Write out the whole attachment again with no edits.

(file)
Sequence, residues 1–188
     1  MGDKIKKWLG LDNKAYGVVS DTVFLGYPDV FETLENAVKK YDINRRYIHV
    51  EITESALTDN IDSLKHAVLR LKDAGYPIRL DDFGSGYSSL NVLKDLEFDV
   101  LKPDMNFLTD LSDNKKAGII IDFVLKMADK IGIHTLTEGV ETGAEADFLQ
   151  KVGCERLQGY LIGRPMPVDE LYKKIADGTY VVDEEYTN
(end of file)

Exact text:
Sequence, residues 1–188
     1  MGDKIKKWLG LDNKAYGVVS DTVFLGYPDV FETLENAVKK YDINRRYIHV
    51  EITESALTDN IDSLKHAVLR LKDAGYPIRL DDFGSGYSSL NVLKDLEFDV
   101  LKPDMNFLTD LSDNKKAGII IDFVLKMADK IGIHTLTEGV ETGAEADFLQ
   151  KVGCERLQGY LIGRPMPVDE LYKKIADGTY VVDEEYTN